Psalm of the Oppressed is a satire that uses sheep and hyenas to show exploitative relationships among people. It lampoons political corruption based on nepotism, greed, cronyism, egoism and myopia. It explores some strategies which all oppressed people can apply to bring about change. For, example the book admonishes all those oppressed to cultivate the culture of doubting and questioning things instead of accepting them hook, line, and sinker. It questions the status quo that seems to reconcile the oppressors and the oppressed without the former redressing the latter. Most importantly, the book seeks to challenge colonialism based on foreign culture, beliefs and systems that felled the ways of life of the oppressed. Essentially, the book champions the oppressed to seek their manumission through toppling the status quo.


Nyuma Ya Pazia inazungumzia ubadhirifu unaomhusisha rais na mawaziri wake katika nchi ya Mafuriko au Abracadabra.  Rais akishirikiana na waziri mkuu walileta kampuni ya kigeni ya kuua wadudu ya Richmen kuwekeza kwenye kuzalisha umeme nchini Mafurikony; Richmen to invest in power generation in Mafuriko. Kupitia rushwa na ushawishi wa wakubwa hawa Richmen ilipata tenda na kutumika kama mrija wa kuibia mabilioni ya fedha za umma toka Benki Kuu. Wananchi walipogundua jinai hii waliiangusha serikali na kuwaaadhibu watawala wao kwa kuwafunga maisha  na wengine kuhukumiwa vifo. Kitabu kinaupiga kijembe tawala fisadi barani Afrika.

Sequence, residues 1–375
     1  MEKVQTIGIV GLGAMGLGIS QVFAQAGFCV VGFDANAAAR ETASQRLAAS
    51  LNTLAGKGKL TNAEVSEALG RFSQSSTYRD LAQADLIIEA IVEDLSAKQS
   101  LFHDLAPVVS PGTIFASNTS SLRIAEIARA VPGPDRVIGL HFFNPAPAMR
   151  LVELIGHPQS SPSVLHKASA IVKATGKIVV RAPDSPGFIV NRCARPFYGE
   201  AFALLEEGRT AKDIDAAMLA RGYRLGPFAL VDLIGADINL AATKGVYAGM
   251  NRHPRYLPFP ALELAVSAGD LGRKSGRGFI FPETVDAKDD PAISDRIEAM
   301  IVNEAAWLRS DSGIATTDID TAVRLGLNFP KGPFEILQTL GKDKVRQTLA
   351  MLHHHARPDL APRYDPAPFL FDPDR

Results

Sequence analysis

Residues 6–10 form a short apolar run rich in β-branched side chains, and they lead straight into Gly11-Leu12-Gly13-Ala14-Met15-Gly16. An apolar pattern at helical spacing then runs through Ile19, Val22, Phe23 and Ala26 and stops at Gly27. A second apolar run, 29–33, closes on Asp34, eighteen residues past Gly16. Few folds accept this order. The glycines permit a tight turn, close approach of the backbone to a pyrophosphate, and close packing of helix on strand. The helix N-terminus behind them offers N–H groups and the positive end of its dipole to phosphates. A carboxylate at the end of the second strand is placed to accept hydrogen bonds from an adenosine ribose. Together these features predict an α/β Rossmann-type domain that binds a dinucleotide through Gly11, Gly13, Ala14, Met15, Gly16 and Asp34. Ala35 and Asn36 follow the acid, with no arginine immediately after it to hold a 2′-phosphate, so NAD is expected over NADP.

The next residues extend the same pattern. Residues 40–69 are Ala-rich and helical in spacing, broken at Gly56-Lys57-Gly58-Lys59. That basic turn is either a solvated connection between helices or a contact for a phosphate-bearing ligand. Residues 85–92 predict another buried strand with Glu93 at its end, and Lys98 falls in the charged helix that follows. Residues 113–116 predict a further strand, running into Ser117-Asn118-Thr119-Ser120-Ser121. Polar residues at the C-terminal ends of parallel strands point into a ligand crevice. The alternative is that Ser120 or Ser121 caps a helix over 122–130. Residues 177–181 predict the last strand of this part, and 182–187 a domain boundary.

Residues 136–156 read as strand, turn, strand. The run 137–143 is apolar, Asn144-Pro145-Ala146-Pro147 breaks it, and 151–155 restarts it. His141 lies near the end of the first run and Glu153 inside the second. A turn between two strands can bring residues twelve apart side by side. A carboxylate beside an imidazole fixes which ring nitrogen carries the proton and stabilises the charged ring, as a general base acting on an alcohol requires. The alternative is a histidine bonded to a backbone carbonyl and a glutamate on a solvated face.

Nyuma Ya Pazia or Behind the Curtain is about corruption involving the president, and his ministers who rob the country of Mafuriko or Abracadabra. President in conjunction with his Premier brought fake foreign insecticide company; Richmen to invest in power generation in Mafuriko. Through logrolling Richmen lands a very lucrative tender used as a conduit of stealing millions from the Central Bank. Richmen is used to syphon billions of dollars from the treasury. When people get wind of this theft, force the government to crumble thereby rulers are punished by being jailed or other being sentenced to death. The book satirizes African kleptocratic regimes.


Saa ya Ukombozi or The Hour of Emancipation is about heroic villagers of Githakwa led by mzee Njema. These villagers are able to stop corrupt government officials who wanted to sell their village to an investor after the discovery of precious stone in the area. Their resistance, does not only save their village but it also ends up bring about true and viable changes in their country of Mizengwe or Abracadabra. This is typically different from the adage whereby changes start in big cities. Githakwa villagers, heroically, boot down a very nugatory and stinkingly corrupt regime that has – for long – been an anathema-cum-genie to them.